Hot water is a MIRACLE.

Consider the miracle that happens every time you turn on the tap or take a shower.

Clean, relatively fresh water comes through the pipes to your home, past all those bends and fittings, pressurized sufficiently to get through the maze.  Or it comes up from a well, pumped by either pressure or an electric pump.

That water is heated by your hat water heater, usually to a good temperature, and out it comes, on demand, with the turn of a knob.

I’ve had several occasions in my life when running hot water has been a scarce luxury and so I really, truly appreciate it.

I’ve lived in a cabin where that water had to be carried in buckets or a barrel from a nearby creek and heated on a stove, I’ve lived in a tent where it had to be carefully dipped up from a river twenty feet below and heated over a fire.

At New Year, main feeder line between the street to the house decided to break, the galvanized steel pipe that had been laid deep below my yard in 1967 finally gave up the ghost.

Knowing what to do in times like this, we went to the old routine of sponge baths and bucket-flushing the toilet.  I bought some cornstarch to use as dry shampoo so I wouldn’t be coming to work with greasy hair.  I started looking for financing options, adjusting the budget, and calling plumbers.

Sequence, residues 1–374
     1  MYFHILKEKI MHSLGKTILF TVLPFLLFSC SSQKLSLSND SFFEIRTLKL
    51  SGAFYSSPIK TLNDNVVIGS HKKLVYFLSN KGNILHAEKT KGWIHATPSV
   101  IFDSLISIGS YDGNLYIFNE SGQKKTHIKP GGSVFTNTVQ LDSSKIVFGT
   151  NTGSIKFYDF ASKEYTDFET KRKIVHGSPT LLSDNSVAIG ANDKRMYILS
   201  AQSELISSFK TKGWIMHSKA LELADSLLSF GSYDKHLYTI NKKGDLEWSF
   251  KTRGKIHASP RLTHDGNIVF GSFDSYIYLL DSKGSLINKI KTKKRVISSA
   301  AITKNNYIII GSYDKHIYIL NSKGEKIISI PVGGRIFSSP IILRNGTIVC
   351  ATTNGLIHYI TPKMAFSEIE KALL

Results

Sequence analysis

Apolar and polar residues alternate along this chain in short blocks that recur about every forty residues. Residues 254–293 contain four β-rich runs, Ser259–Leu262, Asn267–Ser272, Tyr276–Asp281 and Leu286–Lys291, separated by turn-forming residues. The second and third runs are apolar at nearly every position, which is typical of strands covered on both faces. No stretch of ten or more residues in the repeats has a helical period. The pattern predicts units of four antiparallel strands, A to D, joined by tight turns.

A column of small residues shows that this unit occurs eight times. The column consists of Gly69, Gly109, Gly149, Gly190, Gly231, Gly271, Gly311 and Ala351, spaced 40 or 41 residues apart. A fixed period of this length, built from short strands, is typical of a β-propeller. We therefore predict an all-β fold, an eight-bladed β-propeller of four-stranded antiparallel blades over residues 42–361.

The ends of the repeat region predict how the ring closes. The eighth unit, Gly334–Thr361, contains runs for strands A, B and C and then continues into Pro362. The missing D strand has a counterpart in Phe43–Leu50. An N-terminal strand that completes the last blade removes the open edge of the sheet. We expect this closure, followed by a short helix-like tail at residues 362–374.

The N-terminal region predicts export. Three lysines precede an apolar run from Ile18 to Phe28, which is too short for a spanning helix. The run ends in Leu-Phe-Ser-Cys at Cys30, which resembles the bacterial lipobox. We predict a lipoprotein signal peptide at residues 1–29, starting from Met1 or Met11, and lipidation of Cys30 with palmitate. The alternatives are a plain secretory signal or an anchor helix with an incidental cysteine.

After a few estimates and some kind explanations, I learned why it would cost so much to fix.  In order to get to this pipe, which had been working so faithfully and invisibly under my feet, the plumbers will have to cut through concrete and tunnel down deep to where those pipes are, all the way under the pad my house is built on.  The old galvanized pipe looks like a tree root by now, say the plumbers, and is certainly filled with rust.  When I think about it, it’s amazing the pipes lasted this long with our crunchy, naturally corrosive Tucson water.

Overtime and financing may cover my needs, though the lenders are being tight-fisted and I have to come up with this sooner rather than later.  A temporary line can only be in for so long.  Even so, four grand isn’t such a high price to pay for that miracle of running water…. which is currently being brought through a hose in my yard.

My showers whiff of hose water at the moment, but I know a solution will come, and I am grateful for this particular miracle!

 

(If anyone wants to help, I happen to have a GoFundMe campaign here, and forwarding of this link would be nice.  That’s all I ask.  If you’re in Tucson, Pete Nye is an awesome plumber and put my temp line in for a very reasonable cost.  Thanks, Pete.)

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